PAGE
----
There’s no other feeling like being lost in a literary fiction. Between the prose of the author and the way the story builds a relationship between the reader and the main character, it’s like meeting a new friend that lures you into a literary lullaby that you can get lost in. If you’re looking for some literary fiction to read this month by LGBTQA+ authors, here are some recommendations:

Greenland by David Santos Donaldson

Kip Starling has always related to the story of Mohammed el Adl, the young Egyptian lover of a British author who spent six months in a jail cell. They are both Black, queer, and have been affected by homophobia, racism, and the effects of having white romantic partners. Now, Kip has three weeks until his publisher’s deadline to tell Mohammed’s story. As he gets into his writing, he starts hearing Mohammed, who infiltrates his way into Kip’s thoughts and memories.

What We Give, What We Take by Randi Triant 

In 1967, Fay Stonewall leaves her disabled son Dickie in Florida to travel to Vietnam to join the Amazing Humans—a carnival to entertain troops—as a water tank escape artist. Months later, Dickie’s home life is shattered after an act of violence sends him to Manhattan, where he is taken in by an eccentric artist. Meanwhile, Fay has been battling every bad decision she’s ever made as she tries to escape the clutches of her boss in Vietnam. Decades later, Dickie is in Massachusetts living with a man dying of AIDS and finding that no matter where he goes, he can never truly escape his past.

Trouble the Living

Trouble the Living by Francesca McDonnell

It’s the final years of The Trouble in Northern Island and Bríd and her sister Ina are just trying to survive amidst the struggle. Driven by a fanatic mother, Bríd joins the IRA and one horrible choice leads her to flee her country. Raising her daughter Bernie in Northern California, the mother and daughter grapple with their relationship and more social unrest as Bernie explores her sexuality in a way that challenges Bríd. In a forced return to Norther Ireland, the two must confront their past and manager their present if they are going to have any hopes for the future.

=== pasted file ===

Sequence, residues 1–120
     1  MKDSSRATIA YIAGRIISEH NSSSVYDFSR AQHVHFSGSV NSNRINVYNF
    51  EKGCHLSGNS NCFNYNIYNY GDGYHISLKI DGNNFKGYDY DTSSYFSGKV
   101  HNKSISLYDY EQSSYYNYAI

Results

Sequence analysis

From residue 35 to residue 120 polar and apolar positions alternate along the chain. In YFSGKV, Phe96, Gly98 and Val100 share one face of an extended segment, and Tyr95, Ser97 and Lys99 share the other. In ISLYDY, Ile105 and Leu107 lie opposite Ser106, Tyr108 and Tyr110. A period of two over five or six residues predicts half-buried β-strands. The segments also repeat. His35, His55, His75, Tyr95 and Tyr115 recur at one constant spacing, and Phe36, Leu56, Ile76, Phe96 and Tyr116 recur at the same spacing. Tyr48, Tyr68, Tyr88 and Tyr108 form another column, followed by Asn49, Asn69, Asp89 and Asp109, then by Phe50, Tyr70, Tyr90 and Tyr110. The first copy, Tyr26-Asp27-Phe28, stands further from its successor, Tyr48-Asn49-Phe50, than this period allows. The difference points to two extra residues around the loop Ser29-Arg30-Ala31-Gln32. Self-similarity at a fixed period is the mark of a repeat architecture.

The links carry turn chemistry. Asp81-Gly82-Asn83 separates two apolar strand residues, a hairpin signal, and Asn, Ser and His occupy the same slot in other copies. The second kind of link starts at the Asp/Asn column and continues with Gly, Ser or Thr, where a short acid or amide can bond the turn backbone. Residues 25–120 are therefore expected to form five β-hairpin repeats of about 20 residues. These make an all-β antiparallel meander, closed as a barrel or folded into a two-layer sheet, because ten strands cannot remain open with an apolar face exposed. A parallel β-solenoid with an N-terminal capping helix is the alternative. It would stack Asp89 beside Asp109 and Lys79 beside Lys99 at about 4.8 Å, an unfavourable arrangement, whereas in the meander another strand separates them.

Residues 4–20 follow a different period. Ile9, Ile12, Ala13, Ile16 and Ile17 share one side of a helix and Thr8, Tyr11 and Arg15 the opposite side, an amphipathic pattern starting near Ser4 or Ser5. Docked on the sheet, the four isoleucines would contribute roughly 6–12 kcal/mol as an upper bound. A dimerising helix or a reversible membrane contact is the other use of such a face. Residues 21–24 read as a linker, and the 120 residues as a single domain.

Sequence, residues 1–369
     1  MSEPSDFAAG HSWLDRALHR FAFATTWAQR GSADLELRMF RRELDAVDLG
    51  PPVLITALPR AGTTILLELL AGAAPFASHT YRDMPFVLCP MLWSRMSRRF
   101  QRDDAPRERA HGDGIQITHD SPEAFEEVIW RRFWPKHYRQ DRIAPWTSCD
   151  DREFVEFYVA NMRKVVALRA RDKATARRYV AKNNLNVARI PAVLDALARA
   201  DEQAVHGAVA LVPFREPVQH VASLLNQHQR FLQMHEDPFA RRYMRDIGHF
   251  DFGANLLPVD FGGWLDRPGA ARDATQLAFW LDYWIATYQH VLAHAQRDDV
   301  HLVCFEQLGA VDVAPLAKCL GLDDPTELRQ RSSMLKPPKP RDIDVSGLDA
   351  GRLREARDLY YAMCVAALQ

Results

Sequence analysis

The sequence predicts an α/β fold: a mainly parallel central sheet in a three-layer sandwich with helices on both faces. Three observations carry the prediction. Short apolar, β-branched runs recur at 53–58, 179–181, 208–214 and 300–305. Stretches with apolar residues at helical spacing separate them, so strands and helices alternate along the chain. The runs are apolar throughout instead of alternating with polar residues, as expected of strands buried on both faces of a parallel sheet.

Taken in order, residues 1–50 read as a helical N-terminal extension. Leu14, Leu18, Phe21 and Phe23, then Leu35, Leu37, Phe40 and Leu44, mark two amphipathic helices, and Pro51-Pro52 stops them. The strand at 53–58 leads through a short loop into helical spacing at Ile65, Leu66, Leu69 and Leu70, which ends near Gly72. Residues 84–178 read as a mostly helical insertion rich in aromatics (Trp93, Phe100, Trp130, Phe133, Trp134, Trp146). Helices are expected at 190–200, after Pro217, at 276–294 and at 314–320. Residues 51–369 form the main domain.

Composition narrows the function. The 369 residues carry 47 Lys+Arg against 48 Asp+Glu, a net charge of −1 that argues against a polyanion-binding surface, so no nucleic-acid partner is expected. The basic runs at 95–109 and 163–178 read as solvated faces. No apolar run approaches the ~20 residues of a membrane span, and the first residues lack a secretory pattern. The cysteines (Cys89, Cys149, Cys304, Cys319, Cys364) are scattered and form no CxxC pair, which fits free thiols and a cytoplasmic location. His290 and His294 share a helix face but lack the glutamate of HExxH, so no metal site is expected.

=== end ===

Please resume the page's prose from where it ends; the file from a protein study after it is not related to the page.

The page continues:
Let’s Not Do That Again by Grant Ginder

Nancy Harrison is more than determined to win Senate. The only thing that could possibly get in her way after doing everything from passing the right legislations to kissing babies are her own children. Nick is failing at trying to finish a musical about the life of Joan Didion, while lackadaisical Greta lets life pass her by as she works at the Apple store. When Nancy wakes up one morning to find Greta has taken off to Paris, joining protestors and even throwing a champagne bottle through a bistro window, she must convince Nick to join her in not only saving Greta, but her campaign as well.

These Violent Delights by Micah Nemerever 

Paul is still reeling from the death of his father when he meets Julian at a university in Pittsburgh during the 1970s. Julian is charming and mysterious and Paul is immediately drawn to him, becoming obsessed with proving to Julian that he is worthy of his friendship. As the friendship turns to a relationship and Paul gets more in tune with who Julian really is deep down, obsession turns to violence—and neither man is prepared for what’s to come.